Students look back at HFAC, look forward to new Arts Building

BYU constructs a new photo spot just in time for 2024 graduation. The new sign looks out onto the construction sight for the CFAC’s new Arts Building. (Emmeline Blythe)

As construction of the new BYU Arts Building continues, students and faculty shared memories of the Harris Fine Arts Center and expressed excitement for the opportunities the new facility will provide.

The demolition of the HFAC occurred in April 2023. For more than 50 years, the HFAC was home to BYU’s fine arts students. (Courtesy of John Adams)

So long, HFAC

The 1965 construction of the HFAC is remembered as a representation of the art BYU students create.

There are many memories of love on record for the building. On the Memories of the Harris Fine Arts Center project, Seth J. shares how one of his most prominent memories in the building is with Eric Whitacre directing the Men’s Chorus.

“I’ll miss this beautiful building,” Seth J. said.

The HFAC provided space not only for students studying painting and stage production, but also film, animation, photography and inventions.

“I was 13 when I first stepped foot inside the HFAC. As soon as I saw the art and the student films playing, I knew that film was what I wanted to do in life,” Benjamin V. said.

To accommodate the growth of the arts programs at BYU, reconstruction of the building was necessary to add sufficient space and meet students’ needs.

The Arts Building reaches new heights. Construction is improving on the building’s outer structure. (Emmeline Blythe)

Construction timeline

For more than 50 years, the HFAC was home to BYU’s fine arts students.

“I was sad to see such an important building in BYU history be lost,” student Samuel Gilbert said. “But there was an underlying tone of optimism, realizing that the new facilities would help BYU grow and stay up to date with performance venues and learning spaces.”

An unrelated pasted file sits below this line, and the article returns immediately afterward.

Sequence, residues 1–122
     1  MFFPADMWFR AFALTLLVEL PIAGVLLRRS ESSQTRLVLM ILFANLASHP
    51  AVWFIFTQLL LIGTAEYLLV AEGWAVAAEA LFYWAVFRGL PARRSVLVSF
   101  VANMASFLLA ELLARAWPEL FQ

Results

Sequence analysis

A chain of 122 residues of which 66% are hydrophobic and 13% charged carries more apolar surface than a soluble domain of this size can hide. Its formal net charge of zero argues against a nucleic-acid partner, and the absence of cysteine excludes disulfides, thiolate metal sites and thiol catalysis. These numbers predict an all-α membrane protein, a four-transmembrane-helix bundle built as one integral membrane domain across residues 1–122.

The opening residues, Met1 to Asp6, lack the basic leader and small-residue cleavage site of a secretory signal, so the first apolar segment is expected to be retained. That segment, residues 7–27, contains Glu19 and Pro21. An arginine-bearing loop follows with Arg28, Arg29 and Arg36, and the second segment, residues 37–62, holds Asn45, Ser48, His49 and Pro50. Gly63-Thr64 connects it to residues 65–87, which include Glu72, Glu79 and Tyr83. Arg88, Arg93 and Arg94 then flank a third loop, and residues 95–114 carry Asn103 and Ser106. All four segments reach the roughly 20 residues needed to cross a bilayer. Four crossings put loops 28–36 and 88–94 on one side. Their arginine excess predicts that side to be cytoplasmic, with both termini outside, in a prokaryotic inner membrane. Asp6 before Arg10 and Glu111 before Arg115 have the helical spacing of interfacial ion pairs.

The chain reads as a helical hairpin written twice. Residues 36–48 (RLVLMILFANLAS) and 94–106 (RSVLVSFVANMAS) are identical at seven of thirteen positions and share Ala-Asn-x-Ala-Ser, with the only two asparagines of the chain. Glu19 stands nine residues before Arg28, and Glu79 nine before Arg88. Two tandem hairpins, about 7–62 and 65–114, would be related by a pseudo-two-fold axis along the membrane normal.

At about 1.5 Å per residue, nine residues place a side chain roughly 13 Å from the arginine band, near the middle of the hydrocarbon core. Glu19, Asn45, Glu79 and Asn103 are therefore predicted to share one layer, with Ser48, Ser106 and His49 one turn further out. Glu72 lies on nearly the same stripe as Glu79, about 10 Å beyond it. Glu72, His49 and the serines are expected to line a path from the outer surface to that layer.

Since the HFAC’s demolition, the students have been relocated to the West Campus Central Building, formerly known as the Provo High School, at the far west border of campus.

The Arts Building’s internal design begins to manifest itself. Construction of the building began in 2023. (Emmeline Blythe)

However, as Spring Term arrives on the construction timeline, fine arts students can finally witness the outlines for their future home.

Film student Christian Weeter is one of those students familiarizing themselves with what they can see in BYU’s future.

“I sadly will be graduated before we move back to the new Arts Building. However, I walk by the construction about everyday and I’m honestly surprised how much they’ve already completed,” he said.

Instead of an empty crater on the campus’ forefront, there are walls reaching new heights.

Arts Building expectations

The purpose for constructing the new Arts Building works in conjunction with BYU’s new Music Building. Since BYU hosts a vast selection of different music majors and groups, those students now have a home of their own.

Onlookers can see the Arts Building’s new rooms. The strings of lights show the artistic renderings that will fill the building. (Emmeline Blythe)

Eric Gillett, the associate dean of the CFAC, is quite involved and excited for the prospects the Arts Building is posing daily.

Since the arts is such a collaborative area of study, the new building’s design is specific to such a work environment. In addition to this goal, the CFAC is expecting the gathering spaces will generate ambiance to bring its students together.

“The college has been very involved in the design of the new Arts Building, working with excellent architects, contractors and BYU physical facilities staff to ensure that the building is as good as it can be. As you can imagine, a building this complex requires a lot of combined effort. The college is grateful to work with such an extraordinary group of people to make sure that happens,” he said.

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